If you want to get really fancy (with an electric toilet), you can connect a timed 12V relay across the terminals of the feed-pump for the toilet. That way you can set a "normally closed" actuated valve (set in the pressure-feed line from the fresh water system) to open for a set period once the toilet has been flushed to permit refilling of the tank, only to close off again afterwards. However, this adds another possible failure mechanism with no substantial benefit!
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Old 22-04-2014, 11:05   #35
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Re: Your Solutions to Sea Water Odors in Toilet Intake?

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...It is extremely unlikely that contamination could come back through the feed pump, up the gravity feed hose from the toilet, into the tank and then into the pressurized connection from the float-valve to the pump. However, in the event that the boat is left unattended for a long duration and the fresh-water pressure feed pump is turned off, then a ball valve between the feed-pump manifold and the cistern tank is closed as shown by Freedom's most excellent illustration.

I typically close the valve, turn off the feed-pump and then flush the toilet (to empty the tank) when leaving the boat. That way, no end of boat motion could cause the float to lift permitting ingress into the fresh-water system...
Any safety measures that require operator discipline can be expected to fail.
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Old 22-04-2014, 11:10   #36
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Re: Your Solutions to Sea Water Odors in Toilet Intake?

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Any safety measures that require operator discipline can be expected to fail.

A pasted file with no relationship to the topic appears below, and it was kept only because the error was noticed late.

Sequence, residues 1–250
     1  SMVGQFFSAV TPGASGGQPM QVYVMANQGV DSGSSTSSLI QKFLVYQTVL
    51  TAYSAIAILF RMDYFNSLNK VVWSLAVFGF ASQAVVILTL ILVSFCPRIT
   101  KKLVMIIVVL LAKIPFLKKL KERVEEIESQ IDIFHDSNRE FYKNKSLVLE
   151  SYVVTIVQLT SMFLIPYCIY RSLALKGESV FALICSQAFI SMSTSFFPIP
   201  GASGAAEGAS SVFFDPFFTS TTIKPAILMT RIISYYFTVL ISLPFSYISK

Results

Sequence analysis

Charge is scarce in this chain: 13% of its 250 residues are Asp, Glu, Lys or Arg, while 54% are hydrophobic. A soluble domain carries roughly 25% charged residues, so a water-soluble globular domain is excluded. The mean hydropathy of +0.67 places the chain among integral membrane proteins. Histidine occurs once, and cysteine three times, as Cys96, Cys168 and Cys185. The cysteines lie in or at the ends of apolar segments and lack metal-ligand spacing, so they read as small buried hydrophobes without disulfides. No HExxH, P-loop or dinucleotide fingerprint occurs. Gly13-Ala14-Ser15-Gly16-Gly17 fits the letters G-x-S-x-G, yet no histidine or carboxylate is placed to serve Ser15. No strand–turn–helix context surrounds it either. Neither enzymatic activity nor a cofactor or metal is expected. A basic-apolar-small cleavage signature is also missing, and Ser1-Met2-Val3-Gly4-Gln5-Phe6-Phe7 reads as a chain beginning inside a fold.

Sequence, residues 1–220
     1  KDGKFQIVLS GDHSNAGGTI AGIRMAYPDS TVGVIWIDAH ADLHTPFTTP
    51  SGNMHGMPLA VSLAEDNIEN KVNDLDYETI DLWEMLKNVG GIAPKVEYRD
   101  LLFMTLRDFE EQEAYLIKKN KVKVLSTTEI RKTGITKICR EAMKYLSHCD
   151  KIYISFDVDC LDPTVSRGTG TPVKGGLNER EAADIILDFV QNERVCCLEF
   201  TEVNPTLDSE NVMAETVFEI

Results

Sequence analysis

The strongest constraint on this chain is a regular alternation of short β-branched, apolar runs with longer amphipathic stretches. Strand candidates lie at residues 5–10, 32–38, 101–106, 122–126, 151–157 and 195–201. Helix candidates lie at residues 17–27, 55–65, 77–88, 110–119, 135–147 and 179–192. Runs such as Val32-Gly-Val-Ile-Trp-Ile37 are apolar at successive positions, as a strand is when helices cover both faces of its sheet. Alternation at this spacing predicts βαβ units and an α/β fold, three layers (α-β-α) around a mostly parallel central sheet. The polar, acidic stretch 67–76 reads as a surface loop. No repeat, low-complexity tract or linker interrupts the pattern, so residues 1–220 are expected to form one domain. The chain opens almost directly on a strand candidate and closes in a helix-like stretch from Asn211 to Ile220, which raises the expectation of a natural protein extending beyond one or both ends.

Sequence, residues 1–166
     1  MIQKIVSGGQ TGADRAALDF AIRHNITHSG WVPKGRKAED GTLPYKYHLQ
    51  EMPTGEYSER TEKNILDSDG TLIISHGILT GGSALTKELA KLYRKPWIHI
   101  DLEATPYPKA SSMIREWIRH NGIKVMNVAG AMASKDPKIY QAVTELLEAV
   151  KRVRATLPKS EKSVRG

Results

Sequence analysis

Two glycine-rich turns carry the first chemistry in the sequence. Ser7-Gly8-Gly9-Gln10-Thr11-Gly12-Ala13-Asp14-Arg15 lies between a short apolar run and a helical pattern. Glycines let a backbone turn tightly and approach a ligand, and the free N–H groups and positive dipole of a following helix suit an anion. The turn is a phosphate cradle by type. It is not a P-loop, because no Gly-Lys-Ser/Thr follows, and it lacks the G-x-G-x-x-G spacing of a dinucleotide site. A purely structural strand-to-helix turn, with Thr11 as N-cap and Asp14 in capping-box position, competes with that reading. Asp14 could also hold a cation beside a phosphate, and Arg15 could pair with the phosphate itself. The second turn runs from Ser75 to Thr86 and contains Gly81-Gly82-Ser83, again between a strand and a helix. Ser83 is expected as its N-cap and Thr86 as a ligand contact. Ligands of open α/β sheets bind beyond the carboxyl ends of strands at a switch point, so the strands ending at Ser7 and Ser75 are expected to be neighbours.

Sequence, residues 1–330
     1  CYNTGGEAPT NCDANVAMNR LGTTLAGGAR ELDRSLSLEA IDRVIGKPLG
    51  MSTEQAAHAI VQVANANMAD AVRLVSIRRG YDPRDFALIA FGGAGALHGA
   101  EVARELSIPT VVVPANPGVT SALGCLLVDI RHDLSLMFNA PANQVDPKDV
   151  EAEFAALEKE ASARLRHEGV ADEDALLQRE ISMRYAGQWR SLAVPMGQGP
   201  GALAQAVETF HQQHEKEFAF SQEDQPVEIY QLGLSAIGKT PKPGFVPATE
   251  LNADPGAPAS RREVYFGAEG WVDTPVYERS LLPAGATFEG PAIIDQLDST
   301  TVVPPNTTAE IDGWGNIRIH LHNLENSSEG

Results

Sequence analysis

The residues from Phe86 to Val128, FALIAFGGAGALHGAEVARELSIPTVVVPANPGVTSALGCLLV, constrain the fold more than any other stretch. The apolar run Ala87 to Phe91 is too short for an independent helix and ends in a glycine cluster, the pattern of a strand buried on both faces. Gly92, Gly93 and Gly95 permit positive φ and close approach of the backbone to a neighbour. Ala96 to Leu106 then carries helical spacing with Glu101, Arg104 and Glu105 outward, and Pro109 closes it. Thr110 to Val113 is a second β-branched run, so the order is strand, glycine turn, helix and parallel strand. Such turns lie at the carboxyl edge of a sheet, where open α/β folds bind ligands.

..well then as operators of sailing vessels, we're all doomed!
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Old 22-04-2014, 18:14   #37
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Re: Your Solutions to Sea Water Odors in Toilet Intake?

We have done something similar to the diagram previously posted with a separate fresh water tank and float valve. Our tank is a bucket with a screw on lid with a water tight gasket. The bucket is above the toilet at any angle of heel short of a knockdown. We put a vent line in the lid. The one difference I think is that we put a vented loop between the toilet pump and the toilet bowl. Our reasoning was that this would act as a second air gap in the system, with the first one being in the float valve itself. We have this installed on both the manual and electric heads and seems to work just fine, although it is a new install.
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Old 22-04-2014, 18:17   #38
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Re: Your Solutions to Sea Water Odors in Toilet Intake?

Why not just add a second water tank? That way your completely safe and not using any drinking / washing water for the head?
I think I'll just stick with using the shower head to flush, just isn't that hard to do.
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Old 23-04-2014, 20:17   #39
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Re: Your Solutions to Sea Water Odors in Toilet Intake?

I think y'all have given me all the answers I need, and I do appreciate your help!

Although I've given up spending several hours a day online in various forums, I'm still glad to answer questions and very willing to try to solve problems via email, so feel free to contact me--or refer your friends--any time you think I might be able to help. My email address is an easy one...just put a dot between my first and last names at gmail.

'Twas great spending time with y'all again! Be well, be safe and enjoy fair winds!
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Old 31-05-2014, 17:52   #40
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Re: Your Solutions to Sea Water Odors in Toilet Intake?

Ok about a year ago I got fed up with the smell , clogged lines and such. I installed a 6 gal tank and pressure pump to supply two electric flush toilets. I plumbed the fill from the rear bathroom sink. So when rinsing hands it automatically fills the tank for the toilet. Now for the issue of toothpaste and soap it the water. I installed a y valve that turned one way fills the tank and the other diverts the flow overboard. There are times yes it runs low and I just run the sink for a min to refill the flush tank. And if out cruising and short on water. Just fill the sink from a bucket of sea water to fill the tank. No cross contamination No risks of co mingle drinking water. And no smell.